Anais Pothon wanted to dive deep into the world of China business. She chose an MBA at Shanghai Jiao Tong University’s Antai College of Economics and Management and saw her career prospects transformed. Here, she explains why she chose Antai and shares her tips for MBA students in Shanghai.
With more professionals chasing dreams of building a career in China—Shanghai alone houses 200,000 international residents—the country is building a reputation as one of the world’s most exciting locations for MBA students.
According to a recent report from the Graduate Management Admission Council (GMAC), MBA programs in the country have also reported growth in the last year. Among 22 responding programs in the country, 41% saw growth in international applications, with a further 23% reporting stable international applications.
One top Asian MBA program is the International MBA program offered by Antai, based in Shanghai—and it was here that Anais Pothon decided to pursue her dreams of working in China.
After graduating with a bachelor’s degree in International Hospitality Management in 2014, Anais worked in various hotels in Switzerland and Cambodia, before finally relocating to China. After two years in the country, she knew she wanted to stay—but there was a catch.
She knew she needed to deepen her knowledge of business in China, improve her Mandarin, build her network, and gain experience of industries beyond hospitality. “I therefore decided to offer myself a one-year break dedicated to learning.,” she says.
While there are a host of MBA programs in the country, and elsewhere in Asia, Anais chose Jiao Tong’s because of the university’s historic status—it’s regarded as the one of the oldest universities in China and was founded in the 19th century—and its vigorous academic MBA curriculum, which offered Anais the chance to “interact with both multinationals and local companies,” she says.
Studying the Antai MBA
The MBA at the Antai College of Economics and Management is consistently ranked among the best in the world by the Financial Times and the school offers an extensive curriculum focusing on global business and business in China.
Over the two-year program, students cover topics including international marketing, business law, doing business in China, project management, and business ethics.
Out of all the classes, Anais cites the corporate social responsibility module as one of her favourites—a “mind-blowing” two-week class dedicated to sustainability, and how to embody CSR into decision-making, she says.
Between classes, students at Antai have the opportunity to meet local companies in the city face-to-face during company visits, as well as offering trips to local areas of cultural interest so students can really immerse themselves in Chinese culture.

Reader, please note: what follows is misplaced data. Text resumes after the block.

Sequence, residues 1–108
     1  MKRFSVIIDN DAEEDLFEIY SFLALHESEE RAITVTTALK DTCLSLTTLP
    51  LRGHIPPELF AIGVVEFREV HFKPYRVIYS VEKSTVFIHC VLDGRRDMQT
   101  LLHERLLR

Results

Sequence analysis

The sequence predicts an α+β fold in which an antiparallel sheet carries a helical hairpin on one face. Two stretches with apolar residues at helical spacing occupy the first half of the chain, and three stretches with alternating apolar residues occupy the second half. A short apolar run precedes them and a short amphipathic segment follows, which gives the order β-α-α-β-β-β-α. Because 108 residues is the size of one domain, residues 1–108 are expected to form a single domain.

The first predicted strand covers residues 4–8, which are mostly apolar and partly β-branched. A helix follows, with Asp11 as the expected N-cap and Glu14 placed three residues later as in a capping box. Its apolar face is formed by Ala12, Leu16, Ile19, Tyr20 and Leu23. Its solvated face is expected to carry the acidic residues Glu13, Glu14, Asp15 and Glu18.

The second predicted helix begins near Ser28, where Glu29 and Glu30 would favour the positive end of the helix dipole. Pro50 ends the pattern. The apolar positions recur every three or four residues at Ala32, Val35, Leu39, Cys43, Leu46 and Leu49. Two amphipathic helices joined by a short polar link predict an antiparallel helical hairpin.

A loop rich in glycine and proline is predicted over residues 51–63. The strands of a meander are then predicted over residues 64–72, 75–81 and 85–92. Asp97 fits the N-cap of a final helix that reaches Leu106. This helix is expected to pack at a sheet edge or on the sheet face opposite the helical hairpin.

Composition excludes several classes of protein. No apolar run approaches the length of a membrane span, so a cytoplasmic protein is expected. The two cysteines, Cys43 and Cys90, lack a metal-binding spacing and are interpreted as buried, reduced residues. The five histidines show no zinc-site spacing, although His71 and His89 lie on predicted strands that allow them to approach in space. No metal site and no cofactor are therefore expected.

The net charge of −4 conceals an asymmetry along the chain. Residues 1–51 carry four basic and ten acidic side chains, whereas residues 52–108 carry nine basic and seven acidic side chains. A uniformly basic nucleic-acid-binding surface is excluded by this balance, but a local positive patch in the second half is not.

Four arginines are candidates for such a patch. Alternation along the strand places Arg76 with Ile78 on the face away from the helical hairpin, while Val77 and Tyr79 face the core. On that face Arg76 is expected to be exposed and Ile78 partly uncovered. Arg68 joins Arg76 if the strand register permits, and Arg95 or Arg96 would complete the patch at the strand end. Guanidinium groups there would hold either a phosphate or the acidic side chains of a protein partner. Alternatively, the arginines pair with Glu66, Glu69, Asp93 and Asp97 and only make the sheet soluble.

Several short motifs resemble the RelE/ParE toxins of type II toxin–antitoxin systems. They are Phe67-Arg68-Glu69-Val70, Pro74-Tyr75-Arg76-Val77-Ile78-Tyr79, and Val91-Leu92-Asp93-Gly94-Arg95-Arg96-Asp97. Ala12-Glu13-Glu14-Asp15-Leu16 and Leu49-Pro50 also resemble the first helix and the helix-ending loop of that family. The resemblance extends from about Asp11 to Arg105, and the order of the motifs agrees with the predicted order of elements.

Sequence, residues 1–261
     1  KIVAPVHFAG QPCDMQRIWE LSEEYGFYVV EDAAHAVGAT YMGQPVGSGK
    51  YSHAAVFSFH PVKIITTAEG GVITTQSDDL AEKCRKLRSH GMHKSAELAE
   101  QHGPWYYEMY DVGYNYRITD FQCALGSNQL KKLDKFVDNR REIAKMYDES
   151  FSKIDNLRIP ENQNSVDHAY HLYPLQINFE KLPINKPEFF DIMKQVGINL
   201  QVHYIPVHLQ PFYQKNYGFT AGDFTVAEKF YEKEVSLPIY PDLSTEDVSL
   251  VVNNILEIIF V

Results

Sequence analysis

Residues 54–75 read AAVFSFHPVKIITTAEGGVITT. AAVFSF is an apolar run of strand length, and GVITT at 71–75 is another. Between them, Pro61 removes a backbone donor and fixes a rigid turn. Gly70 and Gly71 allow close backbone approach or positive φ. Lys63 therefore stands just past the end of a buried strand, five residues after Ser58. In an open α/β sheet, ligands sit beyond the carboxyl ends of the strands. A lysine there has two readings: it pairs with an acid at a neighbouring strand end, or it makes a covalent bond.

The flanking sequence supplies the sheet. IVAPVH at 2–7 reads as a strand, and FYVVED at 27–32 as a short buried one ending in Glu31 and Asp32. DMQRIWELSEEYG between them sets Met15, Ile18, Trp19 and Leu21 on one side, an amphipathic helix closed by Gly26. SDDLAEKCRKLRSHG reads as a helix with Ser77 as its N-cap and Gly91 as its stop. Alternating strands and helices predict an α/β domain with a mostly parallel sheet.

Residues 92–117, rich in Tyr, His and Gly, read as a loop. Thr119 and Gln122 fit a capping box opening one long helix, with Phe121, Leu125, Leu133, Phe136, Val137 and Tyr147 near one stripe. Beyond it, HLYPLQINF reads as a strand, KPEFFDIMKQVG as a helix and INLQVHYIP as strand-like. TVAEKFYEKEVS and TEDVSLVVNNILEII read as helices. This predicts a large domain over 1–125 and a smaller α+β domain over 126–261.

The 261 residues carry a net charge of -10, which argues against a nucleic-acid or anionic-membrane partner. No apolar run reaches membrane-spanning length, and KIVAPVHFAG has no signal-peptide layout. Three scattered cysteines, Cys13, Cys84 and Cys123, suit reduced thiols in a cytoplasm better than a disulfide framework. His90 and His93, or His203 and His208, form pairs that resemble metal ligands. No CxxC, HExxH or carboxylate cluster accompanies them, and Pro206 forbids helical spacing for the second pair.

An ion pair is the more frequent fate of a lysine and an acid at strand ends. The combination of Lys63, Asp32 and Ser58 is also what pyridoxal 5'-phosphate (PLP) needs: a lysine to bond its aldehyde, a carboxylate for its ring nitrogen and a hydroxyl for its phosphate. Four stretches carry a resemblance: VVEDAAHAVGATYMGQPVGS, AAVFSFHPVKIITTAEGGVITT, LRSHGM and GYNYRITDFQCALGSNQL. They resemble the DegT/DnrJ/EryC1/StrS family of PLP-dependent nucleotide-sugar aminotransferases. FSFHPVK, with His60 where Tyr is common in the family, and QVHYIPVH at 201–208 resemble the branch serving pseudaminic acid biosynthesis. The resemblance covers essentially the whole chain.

“Antai is very supportive from the start in maximizing each student’s exposure to opportunities,” Anais explains. “Whether these are job fairs, online portals, or competing in cultural and professional prizes.”
Despite the program’s focus on China, students on the course can also benefit from a varied and multicultural class. A significant number of the 2017 MBA class came from China, with 43% of students hailing from North America and a further 14% from Europe.
MBA jobs in Shanghai
While finishing up her MBA internship at the French Chamber of Commerce and writing her final thesis, Anais was lucky enough to be offered a full-time position as a client relations manager at IMA Asia in Shanghai, a company that brings together peer groups of CEOs and business leaders in Asia.
“We discuss macro trends and strategies that influence multinationals’ performance in China,” Anais explains. “The position requires a strong knowledge of the business environment and how multinationals are operating, with a focus on China.”
Anais cites her MBA from Jiao Tong University as one of the reasons for her success in landing this position—but explains that there are more factors that affect graduate success in China.
As one of China’s fastest growing cities, and the world’s fifth-largest financial hub, there are numerous opportunities for budding MBAs in Shanghai, but Anais says that success in the city is down to making the most of that unique business environment.
“I would not have had the necessary knowledge without the MBA. Ultimately, I needed to expand broader than hospitality,” Anais reflects.
“I would encourage international students considering studying in Shanghai to engage in the very dynamic local entrepreneurial scene in the city, by participating in startup weekends or interning with a startup,” she continues.
Other tips Anais gives are to gain an understanding of Mandarin, and also make time to travel to other provinces in China, as, she says, “Shanghai is not totally representative of China!
“As in any other big city, living in Shanghai gives a lot of opportunities,” Anais reflects. “Studying an MBA here gave me a China-based network and strong friendships, and I would never have my current job if it wasn’t for my MBA.”